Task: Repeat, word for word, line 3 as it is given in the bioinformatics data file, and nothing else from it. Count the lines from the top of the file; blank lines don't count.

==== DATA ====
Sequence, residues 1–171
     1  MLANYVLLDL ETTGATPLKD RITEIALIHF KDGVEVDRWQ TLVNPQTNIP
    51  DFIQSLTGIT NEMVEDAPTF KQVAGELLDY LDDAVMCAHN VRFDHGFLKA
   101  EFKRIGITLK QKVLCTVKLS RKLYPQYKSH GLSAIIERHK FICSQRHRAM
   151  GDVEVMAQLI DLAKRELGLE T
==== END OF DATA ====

    51  DFIQSLTGIT NEMVEDAPTF KQVAGELLDY LDDAVMCAHN VRFDHGFLKA